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Dallas-area beauty salons scramble following Abbott's abrupt reopening

Dallas-area beauty salons scramble following Abbott's abrupt reopening

Novak Salon
Novak Hair Salon in Fort Worth gets ready to reopen. Photo courtesy of Novak

Despite an increase in coronavirus cases, Gov. Greg Abbott suddenly and surprisingly gave the OK for nail salons, hair salons, and barbershops in Texas to reopen on May 8.

This comes just one week after restaurants, movie theaters, and malls reopened on May 1, and it took salon operators completely by surprise.

Not only does it not follow his initial outline — that the reopening of Texas would come in measured phases — it contradicts his April 27 decree that the earliest reopening date for salons and spas would be mid-May.

"Just about all of us in the industry were completely shocked by this update and many of us, including myself, are not prepared to open our doors so quickly," says Emily Haygood, owner of The Lash Lady, an eyelash extension salon in Fort Worth. "Given the abrupt nature of this change, I will not be opening my doors until the week of May 18 at the earliest. This will give me time to come up with a plan to reopen as well as put new policies into place designed to protect my health and the health of my clients."

Champions Nail Bar co-owner Rose Thai said that they were also waiting until May 18, stating that the news came as a total surprise.

"We initially got a little excited and wanted to open right away but we're just not ready — our staff is not ready and we're not sure how it will work," she says. "The governor didn't even give guidance on capacity."

"After thoroughly discussing the reopening date with our staff, we pushed the date back to May 18," Thai says. "The technicians are the most essential part of our salon, so if they are uncomfortable about working then we are uncomfortable about opening. This will also give us time to review and get familiar with all safety protocols so we can provide a safe environment."

Details on Abbott's new ruling were limited. There can be only one stylist per person. Customers are recommended to wait outside if they can't observe the six foot social distancing rule. And both stylists and customers are also recommended to wear face masks.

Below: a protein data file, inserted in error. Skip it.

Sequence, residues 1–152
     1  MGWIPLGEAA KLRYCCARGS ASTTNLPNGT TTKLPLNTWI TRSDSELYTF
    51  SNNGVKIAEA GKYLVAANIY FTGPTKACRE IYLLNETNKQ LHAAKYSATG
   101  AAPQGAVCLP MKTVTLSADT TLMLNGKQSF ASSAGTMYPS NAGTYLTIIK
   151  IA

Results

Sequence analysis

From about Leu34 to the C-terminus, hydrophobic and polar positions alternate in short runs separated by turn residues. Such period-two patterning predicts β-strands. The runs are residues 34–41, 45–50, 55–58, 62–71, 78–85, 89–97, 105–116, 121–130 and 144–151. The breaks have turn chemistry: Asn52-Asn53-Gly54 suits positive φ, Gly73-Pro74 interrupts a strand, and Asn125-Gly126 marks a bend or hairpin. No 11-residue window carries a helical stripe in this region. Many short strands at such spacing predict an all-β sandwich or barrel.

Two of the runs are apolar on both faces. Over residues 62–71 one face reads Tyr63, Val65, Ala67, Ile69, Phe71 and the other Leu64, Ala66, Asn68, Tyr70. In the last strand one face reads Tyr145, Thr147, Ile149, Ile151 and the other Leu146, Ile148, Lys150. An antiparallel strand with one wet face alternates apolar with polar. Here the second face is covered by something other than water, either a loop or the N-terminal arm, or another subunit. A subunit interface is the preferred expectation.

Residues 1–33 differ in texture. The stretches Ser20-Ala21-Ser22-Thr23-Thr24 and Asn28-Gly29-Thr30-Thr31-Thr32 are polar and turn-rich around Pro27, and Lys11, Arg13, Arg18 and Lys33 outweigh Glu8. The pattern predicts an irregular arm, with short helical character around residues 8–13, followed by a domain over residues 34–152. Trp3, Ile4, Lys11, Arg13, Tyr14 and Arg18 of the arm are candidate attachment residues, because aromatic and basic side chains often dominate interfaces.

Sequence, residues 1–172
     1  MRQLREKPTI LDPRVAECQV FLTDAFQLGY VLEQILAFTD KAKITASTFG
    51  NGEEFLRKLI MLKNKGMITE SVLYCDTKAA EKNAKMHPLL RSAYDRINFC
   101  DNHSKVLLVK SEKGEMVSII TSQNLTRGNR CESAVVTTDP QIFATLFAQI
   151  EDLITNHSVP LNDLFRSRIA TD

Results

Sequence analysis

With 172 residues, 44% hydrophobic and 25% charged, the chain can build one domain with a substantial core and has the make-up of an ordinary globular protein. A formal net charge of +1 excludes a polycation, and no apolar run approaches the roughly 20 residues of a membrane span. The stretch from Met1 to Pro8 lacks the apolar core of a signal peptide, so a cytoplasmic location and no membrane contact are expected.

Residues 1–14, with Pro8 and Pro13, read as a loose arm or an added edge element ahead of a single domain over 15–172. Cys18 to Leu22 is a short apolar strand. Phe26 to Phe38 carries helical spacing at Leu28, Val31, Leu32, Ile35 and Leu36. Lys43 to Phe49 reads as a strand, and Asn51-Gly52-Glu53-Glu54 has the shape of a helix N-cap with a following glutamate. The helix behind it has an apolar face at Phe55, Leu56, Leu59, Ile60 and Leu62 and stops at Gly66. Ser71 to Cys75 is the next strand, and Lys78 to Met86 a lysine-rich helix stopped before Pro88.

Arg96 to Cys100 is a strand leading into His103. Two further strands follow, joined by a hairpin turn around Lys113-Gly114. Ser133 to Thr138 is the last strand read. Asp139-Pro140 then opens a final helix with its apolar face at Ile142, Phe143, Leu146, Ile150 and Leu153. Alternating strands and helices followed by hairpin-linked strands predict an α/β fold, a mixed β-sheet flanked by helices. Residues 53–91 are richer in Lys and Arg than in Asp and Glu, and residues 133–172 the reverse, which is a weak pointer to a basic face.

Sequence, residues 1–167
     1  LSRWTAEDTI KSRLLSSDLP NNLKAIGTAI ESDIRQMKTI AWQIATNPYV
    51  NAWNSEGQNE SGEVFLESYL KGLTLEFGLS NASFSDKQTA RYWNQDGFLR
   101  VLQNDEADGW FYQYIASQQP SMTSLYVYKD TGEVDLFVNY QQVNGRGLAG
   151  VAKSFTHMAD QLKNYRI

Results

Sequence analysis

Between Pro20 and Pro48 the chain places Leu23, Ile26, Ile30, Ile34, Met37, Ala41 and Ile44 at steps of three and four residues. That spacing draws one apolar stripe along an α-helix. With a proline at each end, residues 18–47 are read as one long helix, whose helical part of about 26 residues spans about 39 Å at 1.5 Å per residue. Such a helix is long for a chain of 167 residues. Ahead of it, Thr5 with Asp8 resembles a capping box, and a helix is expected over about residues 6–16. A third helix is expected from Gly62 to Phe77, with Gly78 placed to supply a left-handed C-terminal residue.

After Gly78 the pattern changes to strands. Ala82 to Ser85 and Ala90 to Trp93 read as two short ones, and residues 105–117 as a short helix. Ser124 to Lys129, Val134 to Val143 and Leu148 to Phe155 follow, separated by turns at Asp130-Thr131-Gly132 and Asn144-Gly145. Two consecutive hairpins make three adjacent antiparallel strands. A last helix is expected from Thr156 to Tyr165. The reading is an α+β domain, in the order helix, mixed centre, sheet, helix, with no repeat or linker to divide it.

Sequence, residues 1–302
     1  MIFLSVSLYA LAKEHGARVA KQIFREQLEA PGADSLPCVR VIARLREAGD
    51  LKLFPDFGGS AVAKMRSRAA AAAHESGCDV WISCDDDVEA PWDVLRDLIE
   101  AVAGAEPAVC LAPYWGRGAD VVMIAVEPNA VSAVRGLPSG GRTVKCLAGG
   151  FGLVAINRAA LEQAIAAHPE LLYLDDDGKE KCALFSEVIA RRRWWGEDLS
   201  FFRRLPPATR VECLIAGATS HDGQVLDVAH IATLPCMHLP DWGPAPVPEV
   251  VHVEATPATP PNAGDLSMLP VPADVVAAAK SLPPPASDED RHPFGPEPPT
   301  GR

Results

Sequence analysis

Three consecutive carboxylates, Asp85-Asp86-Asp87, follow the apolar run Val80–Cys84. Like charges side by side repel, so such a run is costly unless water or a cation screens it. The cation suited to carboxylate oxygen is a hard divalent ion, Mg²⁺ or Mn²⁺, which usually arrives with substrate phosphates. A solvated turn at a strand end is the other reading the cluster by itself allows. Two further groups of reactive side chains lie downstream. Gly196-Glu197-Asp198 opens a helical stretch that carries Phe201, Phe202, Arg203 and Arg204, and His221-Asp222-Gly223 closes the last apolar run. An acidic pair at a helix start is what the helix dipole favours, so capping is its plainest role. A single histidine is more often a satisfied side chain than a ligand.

Some salons like Novak Hair Salon in downtown Fort Worth and Rocket Science Hair Salon in East Dallas are reopening on May 8, doing their best to piece together some kind of policy.

"Welcome to our New Normal," Rocket Science says in a Facebook post, with a list of rules that includes no blowouts, a warning that not all stylists will be available, and reminders that customers must come solo, must wear a mask, and must wait in the car until they get the high sign from their stylist.

Some salons like Verbena Parlor in Dallas are waiting indefinitely, despite the conflict it presents between wanting to tend to customers and employee needs, yet address safety.

"Obviously, I want to open and need to open but after much painstaking deliberation, I have decided we will continue to stay closed," says Verbena owner Ashley Murphree-Tran in a post. "If you’ve been to Verbena and know me personally, you know that we do things right."

Meanwhile, in the midst of this turmoil, Abbott is defending Shelley Luther, owner of a salon in Dallas (of course) who made herself a martyr after opening in defiance of the order to close.

Luther was sent to jail for a week, spurring Abbott and Texas Attorney General Ken Paxton to issue a letter calling for her release.


Stephanie Allmon Merry contributed to this story.